Slovene surprise Tamara Zidansek and Russian veteran Anastasia Pavyluchenkova meet in a French Open semi-final no one likely could have forseen after scoring three-set quarter-final wins on Tuesday.

Zidansek, first from her country to get this far at a major, ambushed Spain’s rising hope Paula Badosa 7-5, 4-6, 8-6.

Pavlyuchenkova, who reached the quarters here in 2011 but lost, came good on her second try with a 6-7(2), 6-2, 9-7 defeat of Kazakh Elena Rubakina.

The two semi-finalists have never met on the WTA.

Roland Garros, French Open Anastasia Pavlyuchenkova (RUS) wins quarter final match Roger Parker International Sports Fotos Ltd

No. 85 Zidansek, for one, will have to reign in her excitement after reaching a career best. 

“It feels overwhelming, it’s hard to take it in this fast. I’m just trying to focus on my game, on myself.”

She said tension ran high in her last-eight victory.

“This was a great opportunity for the both of us, but I guess I managed to keep my composure today a little bit better than her.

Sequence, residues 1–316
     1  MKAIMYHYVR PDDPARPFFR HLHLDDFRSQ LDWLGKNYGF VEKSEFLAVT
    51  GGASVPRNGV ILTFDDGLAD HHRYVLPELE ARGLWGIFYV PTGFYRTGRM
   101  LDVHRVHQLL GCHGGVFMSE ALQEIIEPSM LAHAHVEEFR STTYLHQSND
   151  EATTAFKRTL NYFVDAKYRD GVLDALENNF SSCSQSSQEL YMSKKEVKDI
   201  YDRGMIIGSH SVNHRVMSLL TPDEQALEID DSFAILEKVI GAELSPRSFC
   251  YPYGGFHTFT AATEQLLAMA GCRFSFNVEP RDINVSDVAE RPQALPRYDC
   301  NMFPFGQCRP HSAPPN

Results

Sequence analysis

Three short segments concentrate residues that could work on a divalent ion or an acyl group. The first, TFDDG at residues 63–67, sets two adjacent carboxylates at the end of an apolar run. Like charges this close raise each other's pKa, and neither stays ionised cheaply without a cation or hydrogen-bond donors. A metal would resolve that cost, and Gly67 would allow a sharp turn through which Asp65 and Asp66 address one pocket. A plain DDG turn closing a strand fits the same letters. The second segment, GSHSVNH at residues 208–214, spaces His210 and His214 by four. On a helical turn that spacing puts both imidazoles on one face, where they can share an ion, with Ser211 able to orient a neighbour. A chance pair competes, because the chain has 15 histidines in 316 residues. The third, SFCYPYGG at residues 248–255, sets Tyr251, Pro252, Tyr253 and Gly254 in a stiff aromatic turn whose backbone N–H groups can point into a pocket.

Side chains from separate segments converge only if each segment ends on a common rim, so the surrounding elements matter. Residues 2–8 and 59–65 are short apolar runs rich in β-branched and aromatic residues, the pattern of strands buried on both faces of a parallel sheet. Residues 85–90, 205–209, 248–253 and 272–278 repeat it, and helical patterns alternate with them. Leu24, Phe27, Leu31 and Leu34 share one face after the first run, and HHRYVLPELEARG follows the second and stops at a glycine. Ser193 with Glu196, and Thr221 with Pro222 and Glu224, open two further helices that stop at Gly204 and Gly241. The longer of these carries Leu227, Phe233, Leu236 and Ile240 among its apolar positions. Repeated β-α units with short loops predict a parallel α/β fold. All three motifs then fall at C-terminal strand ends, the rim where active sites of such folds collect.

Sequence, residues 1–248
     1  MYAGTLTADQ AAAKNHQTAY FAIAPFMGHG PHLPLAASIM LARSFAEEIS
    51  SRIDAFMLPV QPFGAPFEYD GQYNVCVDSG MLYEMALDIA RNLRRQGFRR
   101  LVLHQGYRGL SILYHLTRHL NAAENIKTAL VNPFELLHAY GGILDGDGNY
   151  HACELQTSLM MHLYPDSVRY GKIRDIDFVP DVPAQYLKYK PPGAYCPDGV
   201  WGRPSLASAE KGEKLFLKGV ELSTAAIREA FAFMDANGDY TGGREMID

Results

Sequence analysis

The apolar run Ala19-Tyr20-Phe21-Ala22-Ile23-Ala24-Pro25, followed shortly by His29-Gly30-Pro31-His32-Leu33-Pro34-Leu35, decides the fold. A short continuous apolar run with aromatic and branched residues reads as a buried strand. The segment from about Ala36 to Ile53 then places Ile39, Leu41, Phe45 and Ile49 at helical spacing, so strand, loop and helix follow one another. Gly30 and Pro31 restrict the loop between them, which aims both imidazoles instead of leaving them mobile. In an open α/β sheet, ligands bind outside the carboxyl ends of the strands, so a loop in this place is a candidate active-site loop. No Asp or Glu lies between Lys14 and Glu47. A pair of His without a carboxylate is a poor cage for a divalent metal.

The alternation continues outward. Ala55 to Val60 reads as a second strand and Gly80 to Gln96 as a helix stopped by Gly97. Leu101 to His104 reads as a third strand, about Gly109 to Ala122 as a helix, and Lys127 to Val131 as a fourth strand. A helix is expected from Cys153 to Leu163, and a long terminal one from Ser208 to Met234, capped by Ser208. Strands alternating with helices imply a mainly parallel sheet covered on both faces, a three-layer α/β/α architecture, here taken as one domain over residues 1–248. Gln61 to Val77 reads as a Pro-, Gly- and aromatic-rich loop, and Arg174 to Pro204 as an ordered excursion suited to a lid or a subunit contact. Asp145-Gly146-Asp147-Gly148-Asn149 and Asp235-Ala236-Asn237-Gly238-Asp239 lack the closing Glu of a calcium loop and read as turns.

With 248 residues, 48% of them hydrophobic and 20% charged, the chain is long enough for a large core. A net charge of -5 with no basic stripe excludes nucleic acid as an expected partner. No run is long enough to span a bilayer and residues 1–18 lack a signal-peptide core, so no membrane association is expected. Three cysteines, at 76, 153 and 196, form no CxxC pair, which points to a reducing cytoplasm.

“But it was a tough battle to the end.”

Zidansek started her fortnight with a surprise win over Canadian sixth seed Bianca Andreescu in the first round to set the tone for her run through the ranks here.

“Winning the first round was a big breakthrough for me. I got a lot of confidence from it. 

“Before the tournament I was feeling really good, I was playing good, especially on clay. 

“When did it start to click? I don’t know. I just kept going match by match. 

“Every day is a chapter, I’m just gonna keep doing that and hope for the best.”

Pavlyuchenkova is keeping a lid on any emotions.

“I’m trying to take it as just another match that I won, I’m not going to change any routines,” she said.

“Tomorrow I’ve got doubles to play with Elena, so we will warm up together and play normal doubles, and nothing’s going to change for me. 

“It’s good for me to keep on moving, working. It’s not good to just stop and rest.”

Pavlyuchenkova, coached by her brother Alexander, said she is a different person on and off court.

“I’m very respectful to people in general. But when I’m on the court, I’m doing my job and I fight, and I want to kill my opponent every time I play.

“That’s the difference. I’ve always played good, it was just my mental (strength) that wasn’t there. 

“I’ve been working with a sports psychologist quite recently, and already I feel like it’s starting to pay off.”

She added: “I’m trying to enjoy this moment as much as I can but I’m not giving it so much importance right now.

Main photo:- Tamara Zidansek by Roger Parker International Sports Fotos Ltd


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